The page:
Trombone Shorty — real name: Troy Andrews — is so cool for surprising us with Cyril Neville, who was not listed in any of the ads for the show. To see this band do “Buckjump” and “Craziest Things” is to witness a liver-shaking, kidney-quivering piece of metal funk fit for the ages. As a front man, he swings his huge ‘bone back and forth in exquisite time to the beat, puts it to his lips and pours forth his soul like Jimi used to do on guitar. It’s all rather mesmerizing, and combined with the special brand of light show that they lug around the world that will blind you into submission, it’s the kind of presentation that folks who love to be pummeled into submission just gotta, gotta see. To that end, it’s on my bucket list to personally escort certain close friends one day to see this cat in action because I know they will be blown away. Hey, all I’ve ever done in my life is to listen to music and tell people about it. I’ve put two kids through college that way. And I’m still doing it. And I’m here to say that this band is THE band to see. Period.
    The only thing missing from their set is what I used to love the most about them. And I totally understand that Shorty’s a Rock Star now, and with that comes a certain responsibility to appease the masses, but I do so miss when he first started, he would combine his funk with his Louis Armstrong chops. Shorty’s a musicologist, well-versed in the history of New Orleans culture. He’s a reader. He’s a seeker. He used to bring out his trumpet and blow “When The Saints Go Marching In” just like Pops. I’ve been at his shows where he’d start a second line that snaked throughout the audience. You’d think you were at Mardi Gras. No more. Now, though, they do “Give It Away” better than the Red Hot Chili Peppers who wrote it…but I do miss the jazz. Plus, they got a crazy white guy in the band who raps and break-dances and brings down the house every time.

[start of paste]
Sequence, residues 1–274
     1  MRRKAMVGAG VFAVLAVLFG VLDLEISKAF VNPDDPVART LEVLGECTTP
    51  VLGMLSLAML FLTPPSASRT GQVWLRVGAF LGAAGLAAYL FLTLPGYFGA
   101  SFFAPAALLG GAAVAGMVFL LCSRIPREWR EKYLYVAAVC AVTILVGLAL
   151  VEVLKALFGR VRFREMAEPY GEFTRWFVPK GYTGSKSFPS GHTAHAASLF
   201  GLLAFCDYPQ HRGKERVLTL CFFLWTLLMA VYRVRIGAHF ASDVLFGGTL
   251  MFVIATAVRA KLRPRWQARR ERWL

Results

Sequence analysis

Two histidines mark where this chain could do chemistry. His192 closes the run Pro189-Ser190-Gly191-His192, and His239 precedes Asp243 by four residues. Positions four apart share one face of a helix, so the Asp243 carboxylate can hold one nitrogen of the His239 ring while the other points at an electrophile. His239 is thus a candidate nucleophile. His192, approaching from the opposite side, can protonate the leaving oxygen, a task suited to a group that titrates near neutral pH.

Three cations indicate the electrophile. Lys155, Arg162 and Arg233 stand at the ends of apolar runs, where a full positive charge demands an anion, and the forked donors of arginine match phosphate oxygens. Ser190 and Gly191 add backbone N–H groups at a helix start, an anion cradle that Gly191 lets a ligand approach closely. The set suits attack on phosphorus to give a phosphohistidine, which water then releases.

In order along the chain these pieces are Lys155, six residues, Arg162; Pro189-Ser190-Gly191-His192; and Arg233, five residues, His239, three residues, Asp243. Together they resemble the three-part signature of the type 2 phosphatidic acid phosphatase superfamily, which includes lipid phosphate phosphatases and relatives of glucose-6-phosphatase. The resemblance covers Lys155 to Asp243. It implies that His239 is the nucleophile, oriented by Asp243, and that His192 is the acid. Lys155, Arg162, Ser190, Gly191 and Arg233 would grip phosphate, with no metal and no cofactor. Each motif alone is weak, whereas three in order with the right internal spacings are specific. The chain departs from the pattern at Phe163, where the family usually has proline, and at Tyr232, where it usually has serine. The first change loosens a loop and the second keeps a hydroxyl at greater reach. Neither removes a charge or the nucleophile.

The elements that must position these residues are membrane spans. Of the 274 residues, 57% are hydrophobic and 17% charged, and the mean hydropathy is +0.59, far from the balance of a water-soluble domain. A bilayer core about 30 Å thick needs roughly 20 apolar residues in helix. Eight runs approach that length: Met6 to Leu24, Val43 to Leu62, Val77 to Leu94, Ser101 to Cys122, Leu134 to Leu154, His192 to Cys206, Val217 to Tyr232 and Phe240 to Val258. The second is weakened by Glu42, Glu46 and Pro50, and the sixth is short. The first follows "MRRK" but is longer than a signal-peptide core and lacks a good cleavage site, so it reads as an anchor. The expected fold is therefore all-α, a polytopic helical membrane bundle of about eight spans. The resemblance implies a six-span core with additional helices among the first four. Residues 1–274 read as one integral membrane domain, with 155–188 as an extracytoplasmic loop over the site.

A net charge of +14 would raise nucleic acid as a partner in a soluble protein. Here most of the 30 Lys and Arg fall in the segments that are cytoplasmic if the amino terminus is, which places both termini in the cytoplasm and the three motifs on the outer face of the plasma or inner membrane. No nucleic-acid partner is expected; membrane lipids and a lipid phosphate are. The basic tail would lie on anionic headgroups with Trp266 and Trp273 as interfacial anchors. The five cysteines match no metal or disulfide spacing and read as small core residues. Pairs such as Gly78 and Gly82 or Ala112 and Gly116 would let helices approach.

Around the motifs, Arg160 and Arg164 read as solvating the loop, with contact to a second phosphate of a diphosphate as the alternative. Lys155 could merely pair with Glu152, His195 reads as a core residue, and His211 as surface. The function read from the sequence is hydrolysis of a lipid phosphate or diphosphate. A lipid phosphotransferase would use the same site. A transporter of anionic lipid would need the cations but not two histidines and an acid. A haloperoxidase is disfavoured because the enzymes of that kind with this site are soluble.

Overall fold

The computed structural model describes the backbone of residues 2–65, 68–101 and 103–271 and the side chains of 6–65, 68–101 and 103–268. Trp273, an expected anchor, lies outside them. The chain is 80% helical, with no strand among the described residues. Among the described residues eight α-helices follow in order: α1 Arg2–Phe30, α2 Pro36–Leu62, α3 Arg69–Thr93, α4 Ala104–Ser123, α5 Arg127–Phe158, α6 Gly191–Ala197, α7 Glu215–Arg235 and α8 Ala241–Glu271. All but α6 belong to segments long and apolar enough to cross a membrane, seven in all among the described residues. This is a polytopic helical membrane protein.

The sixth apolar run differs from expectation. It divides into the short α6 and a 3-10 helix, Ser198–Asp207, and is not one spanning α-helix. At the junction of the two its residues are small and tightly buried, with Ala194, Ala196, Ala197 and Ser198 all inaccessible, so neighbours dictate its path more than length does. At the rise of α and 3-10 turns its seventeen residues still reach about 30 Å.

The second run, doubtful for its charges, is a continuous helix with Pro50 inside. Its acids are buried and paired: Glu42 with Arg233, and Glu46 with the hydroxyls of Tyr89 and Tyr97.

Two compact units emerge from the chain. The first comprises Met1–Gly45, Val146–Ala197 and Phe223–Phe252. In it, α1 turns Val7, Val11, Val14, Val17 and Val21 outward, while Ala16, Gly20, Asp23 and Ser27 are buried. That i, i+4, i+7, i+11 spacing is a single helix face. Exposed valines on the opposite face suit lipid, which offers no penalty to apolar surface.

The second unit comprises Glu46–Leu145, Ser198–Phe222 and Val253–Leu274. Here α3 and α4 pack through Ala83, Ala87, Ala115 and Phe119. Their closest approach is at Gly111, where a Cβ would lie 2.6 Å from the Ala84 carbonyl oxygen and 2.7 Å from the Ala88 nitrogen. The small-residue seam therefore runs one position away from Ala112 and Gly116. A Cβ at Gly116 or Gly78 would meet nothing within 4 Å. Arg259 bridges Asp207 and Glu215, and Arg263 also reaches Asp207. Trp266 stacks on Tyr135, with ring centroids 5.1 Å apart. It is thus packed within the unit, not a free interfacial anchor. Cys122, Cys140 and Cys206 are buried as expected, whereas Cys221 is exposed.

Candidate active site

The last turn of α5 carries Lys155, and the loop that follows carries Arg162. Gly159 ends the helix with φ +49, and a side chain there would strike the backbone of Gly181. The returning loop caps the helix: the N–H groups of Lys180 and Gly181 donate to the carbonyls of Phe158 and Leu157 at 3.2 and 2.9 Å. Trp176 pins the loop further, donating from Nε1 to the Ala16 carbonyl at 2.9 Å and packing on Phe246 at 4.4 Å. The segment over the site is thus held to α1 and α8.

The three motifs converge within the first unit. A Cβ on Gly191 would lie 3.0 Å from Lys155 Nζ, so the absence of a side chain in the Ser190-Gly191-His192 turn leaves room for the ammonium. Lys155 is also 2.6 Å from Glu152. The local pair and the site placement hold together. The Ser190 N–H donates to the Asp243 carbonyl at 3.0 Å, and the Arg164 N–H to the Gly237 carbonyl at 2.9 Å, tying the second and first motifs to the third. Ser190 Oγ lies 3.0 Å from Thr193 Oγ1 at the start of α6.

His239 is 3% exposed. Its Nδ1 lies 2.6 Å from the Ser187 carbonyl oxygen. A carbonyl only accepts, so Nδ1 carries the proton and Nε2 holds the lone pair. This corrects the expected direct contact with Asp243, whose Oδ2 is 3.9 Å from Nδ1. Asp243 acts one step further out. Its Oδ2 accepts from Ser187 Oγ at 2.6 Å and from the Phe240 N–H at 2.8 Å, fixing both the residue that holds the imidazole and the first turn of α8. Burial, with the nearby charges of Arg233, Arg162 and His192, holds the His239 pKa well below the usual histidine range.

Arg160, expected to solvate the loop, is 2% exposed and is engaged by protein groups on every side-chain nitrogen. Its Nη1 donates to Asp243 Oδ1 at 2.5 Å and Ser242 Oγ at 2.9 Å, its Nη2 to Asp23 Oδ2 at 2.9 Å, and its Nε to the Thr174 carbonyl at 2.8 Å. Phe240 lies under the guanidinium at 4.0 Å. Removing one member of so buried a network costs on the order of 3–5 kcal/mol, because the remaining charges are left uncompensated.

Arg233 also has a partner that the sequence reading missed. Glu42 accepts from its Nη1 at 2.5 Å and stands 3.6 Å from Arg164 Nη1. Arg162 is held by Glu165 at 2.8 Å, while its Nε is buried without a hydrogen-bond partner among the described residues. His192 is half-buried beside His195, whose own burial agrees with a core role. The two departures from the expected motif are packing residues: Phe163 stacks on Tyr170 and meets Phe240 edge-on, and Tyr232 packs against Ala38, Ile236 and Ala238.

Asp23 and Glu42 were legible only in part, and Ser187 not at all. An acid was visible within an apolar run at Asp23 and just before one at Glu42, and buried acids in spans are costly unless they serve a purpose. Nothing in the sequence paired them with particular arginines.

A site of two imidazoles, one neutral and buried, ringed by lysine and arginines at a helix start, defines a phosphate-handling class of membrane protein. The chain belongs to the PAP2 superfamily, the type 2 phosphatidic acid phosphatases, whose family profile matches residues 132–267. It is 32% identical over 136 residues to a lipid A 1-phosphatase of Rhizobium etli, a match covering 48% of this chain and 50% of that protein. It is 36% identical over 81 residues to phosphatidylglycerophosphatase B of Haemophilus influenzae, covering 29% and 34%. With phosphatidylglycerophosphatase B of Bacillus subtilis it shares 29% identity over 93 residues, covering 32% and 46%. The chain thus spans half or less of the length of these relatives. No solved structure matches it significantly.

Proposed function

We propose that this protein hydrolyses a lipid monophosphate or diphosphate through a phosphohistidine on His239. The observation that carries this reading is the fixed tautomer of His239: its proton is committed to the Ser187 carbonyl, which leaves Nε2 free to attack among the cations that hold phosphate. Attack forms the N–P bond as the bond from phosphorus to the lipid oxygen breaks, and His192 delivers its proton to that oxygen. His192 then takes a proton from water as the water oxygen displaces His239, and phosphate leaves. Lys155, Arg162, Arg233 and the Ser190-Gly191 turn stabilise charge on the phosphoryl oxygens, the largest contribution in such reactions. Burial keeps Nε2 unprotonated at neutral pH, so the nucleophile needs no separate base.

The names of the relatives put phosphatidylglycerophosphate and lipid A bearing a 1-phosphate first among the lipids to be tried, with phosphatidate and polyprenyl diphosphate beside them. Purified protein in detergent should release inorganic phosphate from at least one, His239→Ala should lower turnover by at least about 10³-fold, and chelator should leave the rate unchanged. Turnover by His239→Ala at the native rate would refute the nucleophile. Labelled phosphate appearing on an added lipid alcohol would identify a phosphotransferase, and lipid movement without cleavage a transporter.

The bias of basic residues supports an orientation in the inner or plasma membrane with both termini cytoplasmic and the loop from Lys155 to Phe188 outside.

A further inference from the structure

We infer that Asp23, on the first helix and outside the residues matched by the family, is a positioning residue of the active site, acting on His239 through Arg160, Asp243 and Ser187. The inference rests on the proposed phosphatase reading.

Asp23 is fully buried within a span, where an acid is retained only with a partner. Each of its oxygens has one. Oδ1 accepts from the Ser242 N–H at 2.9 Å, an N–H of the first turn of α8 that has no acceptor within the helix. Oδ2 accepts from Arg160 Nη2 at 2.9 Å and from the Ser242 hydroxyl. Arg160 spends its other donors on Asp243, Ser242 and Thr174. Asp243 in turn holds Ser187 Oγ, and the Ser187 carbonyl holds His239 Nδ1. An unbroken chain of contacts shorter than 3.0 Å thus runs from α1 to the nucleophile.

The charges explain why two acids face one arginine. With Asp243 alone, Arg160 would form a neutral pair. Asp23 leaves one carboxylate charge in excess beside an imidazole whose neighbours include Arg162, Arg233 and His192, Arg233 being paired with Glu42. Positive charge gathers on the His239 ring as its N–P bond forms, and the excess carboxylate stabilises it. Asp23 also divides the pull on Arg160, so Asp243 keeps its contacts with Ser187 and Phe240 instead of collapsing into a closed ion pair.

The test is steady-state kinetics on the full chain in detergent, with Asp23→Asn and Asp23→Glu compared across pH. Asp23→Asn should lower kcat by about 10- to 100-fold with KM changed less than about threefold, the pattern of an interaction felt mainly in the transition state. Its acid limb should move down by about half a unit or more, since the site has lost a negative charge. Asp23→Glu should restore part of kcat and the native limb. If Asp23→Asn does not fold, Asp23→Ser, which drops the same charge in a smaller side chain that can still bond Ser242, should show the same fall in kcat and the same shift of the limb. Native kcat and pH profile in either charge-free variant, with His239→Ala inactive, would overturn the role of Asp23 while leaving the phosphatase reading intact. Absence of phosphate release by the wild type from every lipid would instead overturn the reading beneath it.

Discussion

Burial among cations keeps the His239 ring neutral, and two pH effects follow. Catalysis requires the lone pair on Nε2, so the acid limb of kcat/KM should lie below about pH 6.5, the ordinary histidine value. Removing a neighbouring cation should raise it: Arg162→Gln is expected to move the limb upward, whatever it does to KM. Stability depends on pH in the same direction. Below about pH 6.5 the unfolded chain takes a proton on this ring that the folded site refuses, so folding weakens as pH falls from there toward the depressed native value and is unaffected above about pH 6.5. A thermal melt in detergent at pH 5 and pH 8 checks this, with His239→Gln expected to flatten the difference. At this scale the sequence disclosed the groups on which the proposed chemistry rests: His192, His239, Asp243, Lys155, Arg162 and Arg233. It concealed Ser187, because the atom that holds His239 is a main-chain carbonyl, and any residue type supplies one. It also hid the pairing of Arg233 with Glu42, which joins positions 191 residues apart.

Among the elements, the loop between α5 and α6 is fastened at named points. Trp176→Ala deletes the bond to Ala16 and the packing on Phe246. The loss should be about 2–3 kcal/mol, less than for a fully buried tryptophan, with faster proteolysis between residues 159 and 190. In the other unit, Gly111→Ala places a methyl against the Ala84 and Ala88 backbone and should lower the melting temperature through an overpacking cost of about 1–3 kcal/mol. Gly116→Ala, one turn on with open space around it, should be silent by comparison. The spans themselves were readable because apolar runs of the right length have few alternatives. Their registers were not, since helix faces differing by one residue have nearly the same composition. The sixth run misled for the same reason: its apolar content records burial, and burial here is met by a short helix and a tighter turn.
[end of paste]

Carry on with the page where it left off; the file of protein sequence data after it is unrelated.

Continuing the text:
When he does Allen Toussaint’s “On The Way Down” and “Here Comes The Girls,” he burns with an unmatched intensity. He can solo forever and one has to wonder how the hell he can spin out those notes one atop the other for so long seemingly without breathing. It’s a method called circular breathing wherein the soloist breathes in through the nose while pushing air out through the mouth from air stored in the cheeks. Nigerian saxophonist Femi Kuti holds the world record for doing it for 51 minutes and 38 seconds. When Shorty did it for about 10 minutes, the place went wild.

    Kudos to Kassie Hilgert and the ArtsQuest staff for pulling off one of the more satisfying MusikFests in recent memory despite torrential rain all damn week and horrible heat. She deserves a medal of honor.